Do these two long enough and what you start seeing is sheer magic. People develop trust in you. They start sharing their ways of working smart, their shortcuts, their innovation and their approaches with the rest of the team and the organization in turn making everyone more efficient. Once the tables are turned and male egos revolve around how efficiently you can do your work, the man hour discussion pretty much moves out of the picture. That is when you start building a culture that revolves around sound time management, innovative working techniques, efficiency and results.

If you can't build that culture, most of your organizational efficiency is in isolated corners of your office corridors and you probably don't know anything about it.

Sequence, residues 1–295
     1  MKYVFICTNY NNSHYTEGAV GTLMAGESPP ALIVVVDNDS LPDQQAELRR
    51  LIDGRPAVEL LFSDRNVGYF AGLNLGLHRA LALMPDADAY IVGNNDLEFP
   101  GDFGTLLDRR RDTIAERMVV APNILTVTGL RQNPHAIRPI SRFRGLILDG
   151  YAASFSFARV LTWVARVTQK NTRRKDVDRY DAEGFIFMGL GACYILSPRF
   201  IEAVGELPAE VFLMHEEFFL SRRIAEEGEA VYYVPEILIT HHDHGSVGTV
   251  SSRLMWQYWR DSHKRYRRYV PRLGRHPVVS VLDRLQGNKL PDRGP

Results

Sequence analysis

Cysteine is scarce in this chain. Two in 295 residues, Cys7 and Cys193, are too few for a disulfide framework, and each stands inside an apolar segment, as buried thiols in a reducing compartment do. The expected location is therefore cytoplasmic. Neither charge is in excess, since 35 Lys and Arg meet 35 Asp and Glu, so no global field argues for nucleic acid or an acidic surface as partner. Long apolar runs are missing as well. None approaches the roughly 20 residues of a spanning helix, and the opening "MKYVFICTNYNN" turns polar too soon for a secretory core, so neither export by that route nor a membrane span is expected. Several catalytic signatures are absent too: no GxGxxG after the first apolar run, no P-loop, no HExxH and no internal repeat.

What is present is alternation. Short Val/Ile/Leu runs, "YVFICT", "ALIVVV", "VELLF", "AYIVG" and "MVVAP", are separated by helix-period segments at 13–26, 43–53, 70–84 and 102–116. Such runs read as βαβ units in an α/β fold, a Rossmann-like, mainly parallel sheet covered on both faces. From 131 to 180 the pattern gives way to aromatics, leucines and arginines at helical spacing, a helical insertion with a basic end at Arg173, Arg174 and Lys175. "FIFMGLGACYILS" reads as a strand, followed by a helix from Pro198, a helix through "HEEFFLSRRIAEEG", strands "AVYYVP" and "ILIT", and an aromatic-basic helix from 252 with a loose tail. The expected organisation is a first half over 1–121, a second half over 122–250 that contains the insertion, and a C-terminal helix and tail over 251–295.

What is rather ironic is that my first lessons of time management and efficiency came from an environment that was designed to screw any engineer working in that environment and turn that engineer into an automaton executing programmed directions for sixteen hours a day.

But then, you learn most of your management lessons in the strangest of circumstances and by hacking the weirdest of work environments.